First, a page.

Members of the group Hamza Abdualmuttalib trained this week near the Syrian city of Aleppo. Bulent Kilic/AFP/Getty Images hide caption

itoggle caption Bulent Kilic/AFP/Getty Images

Syria's ongoing fighting is increasingly a sectarian conflict with the majority Sunni Muslims facing off against the Alawites who make up most of the country's ruling elite. Here, government opponents rally in the northern town of Mareh on June 29. Vedat Xhymshit/AFP/Getty Images hide caption

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Dr. Yahya Abdul Rahim (left) and Dr. Ammar Ghanem are among the Syrian-American doctors who have come to the Turkish-Syrian border to help Syrians wounded in the anti-government revolt. Some work to improve the flow of supplies; others treat patients in Turkey; still others, like Ghanem, strap backpacks on and walk across the border to help those in Syria. Deborah Amos/NPR hide caption

itoggle caption Deborah Amos/NPR

More than 35,000 Syrians have sought shelter in Turkey. Most of the refugees at the Kilis refugee camp in southern Turkey are women and children. Adem Altan/AFP/Getty Images hide caption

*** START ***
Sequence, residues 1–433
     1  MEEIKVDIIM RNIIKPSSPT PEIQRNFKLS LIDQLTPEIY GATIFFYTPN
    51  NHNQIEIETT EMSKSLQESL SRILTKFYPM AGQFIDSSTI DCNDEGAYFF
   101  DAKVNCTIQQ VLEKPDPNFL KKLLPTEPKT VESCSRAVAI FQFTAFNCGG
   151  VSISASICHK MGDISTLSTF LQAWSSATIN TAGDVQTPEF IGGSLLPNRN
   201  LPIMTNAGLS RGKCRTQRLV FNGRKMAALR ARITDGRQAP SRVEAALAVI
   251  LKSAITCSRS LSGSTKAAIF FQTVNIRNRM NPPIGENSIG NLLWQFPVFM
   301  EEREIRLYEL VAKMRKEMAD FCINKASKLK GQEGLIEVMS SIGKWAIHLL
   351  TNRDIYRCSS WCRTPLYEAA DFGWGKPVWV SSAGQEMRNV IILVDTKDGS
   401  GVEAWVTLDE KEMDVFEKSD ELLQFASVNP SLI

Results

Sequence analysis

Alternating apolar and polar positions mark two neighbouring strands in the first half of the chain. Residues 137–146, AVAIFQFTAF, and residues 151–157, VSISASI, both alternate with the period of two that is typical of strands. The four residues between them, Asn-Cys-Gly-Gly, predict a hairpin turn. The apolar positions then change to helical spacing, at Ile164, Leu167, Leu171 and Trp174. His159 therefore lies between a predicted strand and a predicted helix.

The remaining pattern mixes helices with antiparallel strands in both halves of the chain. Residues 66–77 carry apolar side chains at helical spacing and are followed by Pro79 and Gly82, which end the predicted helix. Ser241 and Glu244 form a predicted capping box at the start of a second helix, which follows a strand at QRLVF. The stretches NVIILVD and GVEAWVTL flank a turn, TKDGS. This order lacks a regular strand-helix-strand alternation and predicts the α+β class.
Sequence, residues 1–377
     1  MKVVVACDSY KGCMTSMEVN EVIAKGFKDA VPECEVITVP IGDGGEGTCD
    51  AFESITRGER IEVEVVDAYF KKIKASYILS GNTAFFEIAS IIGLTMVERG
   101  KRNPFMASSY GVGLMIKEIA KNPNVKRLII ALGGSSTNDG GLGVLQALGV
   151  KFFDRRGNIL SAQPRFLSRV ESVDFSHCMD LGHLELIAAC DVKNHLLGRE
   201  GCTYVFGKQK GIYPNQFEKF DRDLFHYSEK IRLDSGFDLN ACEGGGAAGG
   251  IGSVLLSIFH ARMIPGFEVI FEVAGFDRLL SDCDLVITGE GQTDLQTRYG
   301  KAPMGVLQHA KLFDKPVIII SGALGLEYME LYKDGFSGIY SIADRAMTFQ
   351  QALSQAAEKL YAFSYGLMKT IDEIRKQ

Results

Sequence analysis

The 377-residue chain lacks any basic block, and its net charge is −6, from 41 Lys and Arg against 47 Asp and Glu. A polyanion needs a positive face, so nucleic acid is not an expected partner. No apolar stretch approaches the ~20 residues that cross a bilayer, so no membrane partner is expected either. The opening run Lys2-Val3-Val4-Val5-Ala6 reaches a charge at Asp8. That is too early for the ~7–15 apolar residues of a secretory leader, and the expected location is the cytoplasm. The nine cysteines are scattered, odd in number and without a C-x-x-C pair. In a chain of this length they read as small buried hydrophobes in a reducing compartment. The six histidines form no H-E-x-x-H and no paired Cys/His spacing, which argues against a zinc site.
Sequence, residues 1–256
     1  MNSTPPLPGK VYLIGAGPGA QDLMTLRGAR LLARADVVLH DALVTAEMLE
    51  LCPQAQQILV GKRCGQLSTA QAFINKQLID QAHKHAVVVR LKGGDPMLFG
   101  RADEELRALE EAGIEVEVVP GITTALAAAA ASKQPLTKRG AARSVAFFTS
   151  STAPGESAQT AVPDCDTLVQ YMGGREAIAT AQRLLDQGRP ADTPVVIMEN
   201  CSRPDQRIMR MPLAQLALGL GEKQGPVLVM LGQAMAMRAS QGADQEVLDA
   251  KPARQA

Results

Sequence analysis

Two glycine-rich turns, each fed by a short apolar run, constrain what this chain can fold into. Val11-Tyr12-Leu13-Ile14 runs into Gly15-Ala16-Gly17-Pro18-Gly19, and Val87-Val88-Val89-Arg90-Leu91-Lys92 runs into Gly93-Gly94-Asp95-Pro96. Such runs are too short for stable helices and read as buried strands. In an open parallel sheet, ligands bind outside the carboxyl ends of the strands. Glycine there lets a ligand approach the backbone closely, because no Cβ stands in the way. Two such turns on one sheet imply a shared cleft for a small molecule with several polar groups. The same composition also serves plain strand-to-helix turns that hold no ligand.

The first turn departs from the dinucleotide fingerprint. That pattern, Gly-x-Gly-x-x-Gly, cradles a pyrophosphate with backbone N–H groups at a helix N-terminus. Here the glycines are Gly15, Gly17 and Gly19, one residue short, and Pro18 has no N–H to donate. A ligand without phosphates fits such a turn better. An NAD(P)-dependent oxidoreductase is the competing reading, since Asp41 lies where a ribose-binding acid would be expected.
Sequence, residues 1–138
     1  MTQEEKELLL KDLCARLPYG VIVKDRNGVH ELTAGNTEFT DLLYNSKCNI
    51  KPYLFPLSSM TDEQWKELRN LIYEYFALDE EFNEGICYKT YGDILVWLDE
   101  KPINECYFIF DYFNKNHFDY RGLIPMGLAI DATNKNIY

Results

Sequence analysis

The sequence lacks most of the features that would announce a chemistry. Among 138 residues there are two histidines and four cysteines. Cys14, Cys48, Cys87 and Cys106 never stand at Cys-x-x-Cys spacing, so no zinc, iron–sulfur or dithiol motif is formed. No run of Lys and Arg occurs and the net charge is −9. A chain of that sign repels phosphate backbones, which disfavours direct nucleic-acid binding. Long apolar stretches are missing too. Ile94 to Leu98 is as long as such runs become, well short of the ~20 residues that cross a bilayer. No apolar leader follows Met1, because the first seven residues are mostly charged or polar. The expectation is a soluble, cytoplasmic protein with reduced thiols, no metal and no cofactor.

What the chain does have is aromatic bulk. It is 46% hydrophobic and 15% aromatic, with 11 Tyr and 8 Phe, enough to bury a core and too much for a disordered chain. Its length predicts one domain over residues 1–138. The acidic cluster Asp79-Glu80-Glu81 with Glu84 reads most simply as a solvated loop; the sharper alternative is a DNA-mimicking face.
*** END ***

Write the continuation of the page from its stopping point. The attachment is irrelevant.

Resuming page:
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Syrian activist Karam Nachar is pursuing a doctorate in Middle Eastern history at Princeton. His family is working on several fronts against the Syrian regime. His father, who has been jailed previously, helped form the Syrian National Council, an organization of dissidents. Ozier Muhammad/The New York Times hide caption

itoggle caption Ozier Muhammad/The New York Times

People walk through Hamidiyah market in Damascus, Syria, Feb. 28. The merchants of this landmark bazaar were once ardent supporters of President Bashar Assad. That's no longer the case. Bassem Tellawi/AP hide caption

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A Syrian youth flashes the victory sign as he stands in front of a building that was covered with anti-government graffiti — though local authorities painted over it — in the town of Duma, outside Damascus, in February. AFP/Getty Images hide caption

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President Bashar Assad addresses Parliament on June 3. Syrians in the capital, Damascus, have become more willing to speak out, though they still don't want to be identified by name. Many feel the Assad regime is losing control of parts of the country. Anonymous/SANA/AP hide caption

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The Italian Jesuit priest Paolo Dall'Oglio, shown here at the Syrian Maronite monastery of Deir Mar Musa in 2007, lived in Syria for 30 years before he was expelled Saturday. Dall'Oglio has spoken out in support of protesters who oppose President Bashar Assad. Louai Beshara/AFP/Getty Images hide caption

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